“The bird is possibly releasable, but the BBs will stay in place for the rest of its life,” says Ridlbauer. “These birds are protected by the Migratory Bird Treaty Act. It is illegal to shoot them, to poison them, to do anything with their nests. It’s actually illegal even to possess their feathers.”

After coming so close to extinction, the hawk’s ability to regain numbers and adapt to a changing environment is a magnificent thing to witness. Their removal from the Endangered Species list should be seen as a success story to be protected, says Rasheed.

“When I first started in the field, the woman that I was working with said red-tailed parents will keep the kids around for maybe two or three weeks, then they kick them out of the territory once they start flying,” says Ridlbauer. “But now we’re seeing them stay together even into late September. So that’s a really positive change.”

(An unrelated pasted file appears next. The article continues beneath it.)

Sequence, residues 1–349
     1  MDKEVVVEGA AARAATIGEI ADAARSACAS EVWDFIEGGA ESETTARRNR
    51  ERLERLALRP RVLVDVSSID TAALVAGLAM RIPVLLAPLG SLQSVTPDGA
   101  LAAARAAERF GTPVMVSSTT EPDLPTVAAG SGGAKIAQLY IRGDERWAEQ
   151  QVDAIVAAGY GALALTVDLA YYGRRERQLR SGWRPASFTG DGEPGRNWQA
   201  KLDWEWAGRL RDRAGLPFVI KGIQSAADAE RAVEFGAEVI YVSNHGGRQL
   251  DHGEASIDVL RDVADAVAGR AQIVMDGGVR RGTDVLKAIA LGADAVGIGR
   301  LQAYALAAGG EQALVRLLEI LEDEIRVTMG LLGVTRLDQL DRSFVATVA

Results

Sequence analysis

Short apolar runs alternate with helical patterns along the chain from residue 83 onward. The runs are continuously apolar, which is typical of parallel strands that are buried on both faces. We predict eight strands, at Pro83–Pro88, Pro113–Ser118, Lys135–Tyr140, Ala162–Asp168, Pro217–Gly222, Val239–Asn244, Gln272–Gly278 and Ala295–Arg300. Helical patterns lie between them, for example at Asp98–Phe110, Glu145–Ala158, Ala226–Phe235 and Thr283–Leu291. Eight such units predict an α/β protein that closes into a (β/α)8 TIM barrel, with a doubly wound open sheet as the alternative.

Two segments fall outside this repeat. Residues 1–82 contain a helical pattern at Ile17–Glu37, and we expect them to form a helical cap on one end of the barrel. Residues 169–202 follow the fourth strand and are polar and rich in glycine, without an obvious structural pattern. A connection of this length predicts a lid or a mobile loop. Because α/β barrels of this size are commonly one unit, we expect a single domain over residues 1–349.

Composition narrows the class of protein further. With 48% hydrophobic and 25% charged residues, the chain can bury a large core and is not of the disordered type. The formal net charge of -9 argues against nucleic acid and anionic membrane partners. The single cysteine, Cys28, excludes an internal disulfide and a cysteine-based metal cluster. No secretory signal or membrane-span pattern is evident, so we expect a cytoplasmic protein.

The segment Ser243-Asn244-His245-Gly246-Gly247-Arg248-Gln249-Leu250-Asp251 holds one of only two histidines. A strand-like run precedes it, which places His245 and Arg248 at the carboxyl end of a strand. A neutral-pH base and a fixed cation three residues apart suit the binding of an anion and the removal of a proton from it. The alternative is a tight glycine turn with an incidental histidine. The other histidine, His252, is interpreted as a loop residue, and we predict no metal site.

Staff members at local raptor centers continually work to better understand hawks and to share their knowledge of them with the general public. They make regular visits to schools, area events and other organizations to give presentations on these native raptors and increase the appreciation and awareness for them. People can see these birds upclose during visiting hours. For more information, check out northernillinoisraptor.org and tnirc.org.

“Our kids know more about exotic animals and dinosaurs than they know about these creatures that live right among us,” says Rasheed. “With these hawks, you’re seeing a piece of wilderness that’s not exotic, but right here. I can go home and I won’t be surprised if I see a Cooper’s hawk sitting outside my door.”

But this hasn’t always been the case, and Rasheed doesn’t take it for granted, given the peril hawks faced in recent history.

“There’s something about birds, right? Who hasn’t thought how cool it would be to fly like a bird? There’s some kind of visceral connection that humans have with birds. But we also never get to see them up close, especially raptors like these, birds of prey who have to hunt and kill what they eat. It’s an honor to work with them.”

David C. Olson maintains a studio and gallery just off I-90 in Rockford, at the Clock Tower Inn, 7801 E. State St. See more of his work at DavidOlsonPhotography.com.